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Another S&P Downgrade for Barbados and Warning of Threat to US Dollar Peg

International ratings agency Standard & Poor’s (S&P) has raised a red flag that Barbados’ longstanding 2-to-1 peg to the US dollar is under threat as economic conditions continue to deteriorate.

In a grim report issued yesterday, S&P also warned that the Freundel Stuart administration was unlikely to balance its budget any time soon, given lingering challenges including poor implementation of policy decisions, the likely overestimation of one-off revenues, and approaching general elections.

Against this backdrop, S&P lowered the island’s long-term local currency sovereign credit rating to ‘CCC’ from ‘CCC+’, while affirming its long-term foreign currency sovereign rating at ‘CCC+’. The outlook on both long-term ratings is negative.

A major bugbear cited by the New York-based agency is the island’s high fiscal deficit. The deficit is estimated at six per cent, and overall debt at about 140 per cent of gross domestic product (GDP), which S&P said was one of the highest in Latin America and the Caribbean.

“Barbados’ policy challenges include high general Government debt, deficits, and debt servicing requirements; limited appetite for private-sector financing; and a low level of international reserves raising the risk to sustainability of the peg to the US dollar,” S&P said in its report.

“In our opinion, monetary financing to the central Government is at odds with sustaining Barbados’ currency peg to the dollar, and it significantly curtails the Central Bank’s ability to act as a lender of last resort in the financial system. Low inflation is a reflection of global conditions rather than effective monetary policy execution given the fixed exchange-rate regime,” it added.

The ratings agency warned that should Government fail to advance measures to significantly lower its high fiscal deficit, strengthen its external liquidity, and reverse its low level of international reserves, there could be further pressure on availability of deficit financing, albeit from official or private creditors.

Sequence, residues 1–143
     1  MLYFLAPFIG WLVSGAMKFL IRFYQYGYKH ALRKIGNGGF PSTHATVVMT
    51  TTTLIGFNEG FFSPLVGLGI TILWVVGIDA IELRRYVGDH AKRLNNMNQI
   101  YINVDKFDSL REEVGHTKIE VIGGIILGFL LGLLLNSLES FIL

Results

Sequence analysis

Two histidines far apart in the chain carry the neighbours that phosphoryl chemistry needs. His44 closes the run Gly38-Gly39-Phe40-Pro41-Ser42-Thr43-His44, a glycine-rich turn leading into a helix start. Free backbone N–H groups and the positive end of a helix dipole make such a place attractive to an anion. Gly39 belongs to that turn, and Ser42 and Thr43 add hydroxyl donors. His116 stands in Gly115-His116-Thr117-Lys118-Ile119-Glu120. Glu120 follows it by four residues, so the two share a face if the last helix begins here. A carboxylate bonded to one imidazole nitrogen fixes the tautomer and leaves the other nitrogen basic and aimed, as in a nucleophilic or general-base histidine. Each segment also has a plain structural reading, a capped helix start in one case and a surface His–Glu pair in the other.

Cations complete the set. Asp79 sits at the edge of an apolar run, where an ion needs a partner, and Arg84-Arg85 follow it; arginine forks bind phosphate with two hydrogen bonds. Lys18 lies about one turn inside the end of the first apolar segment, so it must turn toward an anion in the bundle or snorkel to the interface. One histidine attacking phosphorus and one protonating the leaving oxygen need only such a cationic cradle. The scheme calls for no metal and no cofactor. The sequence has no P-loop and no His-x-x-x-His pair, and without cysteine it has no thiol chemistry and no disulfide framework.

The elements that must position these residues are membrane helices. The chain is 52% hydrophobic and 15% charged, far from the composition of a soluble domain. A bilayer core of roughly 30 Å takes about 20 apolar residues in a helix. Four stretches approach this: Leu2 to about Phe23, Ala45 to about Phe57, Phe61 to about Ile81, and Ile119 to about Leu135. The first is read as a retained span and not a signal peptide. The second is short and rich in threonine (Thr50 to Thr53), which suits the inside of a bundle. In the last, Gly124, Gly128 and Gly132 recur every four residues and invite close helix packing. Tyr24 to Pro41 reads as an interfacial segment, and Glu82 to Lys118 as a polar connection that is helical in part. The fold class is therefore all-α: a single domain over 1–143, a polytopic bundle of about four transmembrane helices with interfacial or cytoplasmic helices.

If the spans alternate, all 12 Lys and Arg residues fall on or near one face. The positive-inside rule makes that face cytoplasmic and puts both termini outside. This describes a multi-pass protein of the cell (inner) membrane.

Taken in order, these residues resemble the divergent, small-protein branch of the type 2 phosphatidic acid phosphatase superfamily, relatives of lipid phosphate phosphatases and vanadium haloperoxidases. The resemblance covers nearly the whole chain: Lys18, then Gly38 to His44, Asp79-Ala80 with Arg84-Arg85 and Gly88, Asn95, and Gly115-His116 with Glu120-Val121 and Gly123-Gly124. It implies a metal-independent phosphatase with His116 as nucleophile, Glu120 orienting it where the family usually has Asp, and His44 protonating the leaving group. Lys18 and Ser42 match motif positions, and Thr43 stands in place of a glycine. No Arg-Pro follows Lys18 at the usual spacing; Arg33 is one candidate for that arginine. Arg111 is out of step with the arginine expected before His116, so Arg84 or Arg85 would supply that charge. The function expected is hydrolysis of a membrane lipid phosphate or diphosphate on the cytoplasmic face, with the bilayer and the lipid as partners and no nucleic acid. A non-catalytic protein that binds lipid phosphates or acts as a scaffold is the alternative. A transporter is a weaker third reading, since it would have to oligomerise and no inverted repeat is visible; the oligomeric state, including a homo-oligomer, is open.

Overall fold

S&P further stressed that this situation was also posing challenges to the fixed exchange rate regime, while at the same time pointing out that economic growth was being held back by recurrent tourism project delays, higher taxes, low private sector confidence and consumption, and a significant level of red tape, which weakens Barbados’ overall economic profile.

However, while predicting further downgrade, the ratings agency left room for an improved rating, should the administration achieve certain targets.

“We could revise the outlook to stable over the next 12 months if the Government succeeds in balancing its fiscal budget, either from implementation of fiscal measures or a prolonged rebound in growth; improves its access to financing from private creditors locally and globally; and stabilizes the country’s external vulnerabilities and bolsters international reserves,” the report said.

The latest downgrade has drawn strong reaction from several quarters.

Opposition Leader Mia Mottley expressed dismay that the island had been downgraded for the 20th time in nine years and the country was now virtually on par with Venezuela.

She said the S&P downgrade and negative outlook were likely to further erode investor confidence and warned that the country would not improve under the Democratic Labour Party administration.

“How many more downgrades will it take for the Prime Minister and his Government to realize that there is no confidence left in their ability to reverse the situation?”

“Barbadians are paying too high a price for this Government’s incompetence and stubbornness,” Mottley charged.

At the same time, President of the Barbados Chamber of Commerce and Industry (BCCI) Eddy Abed said the private sector was extremely concerned about the situation facing the country and he feared it would not improve anytime soon, given that the next general election is due within months.

“There is nothing positive about this rating that any of the citizens and businessmen in this country can say that we have something to look forward to.

“Government has been reluctant in approaching the IMF [International Monetary Fund]. Sadly, we are paying the price for it because our foreign reserves are extremely woeful and the prospects going forward don’t seem at all to be positive, so much so the ratings agency has said that the expectations are negative,” he lamented

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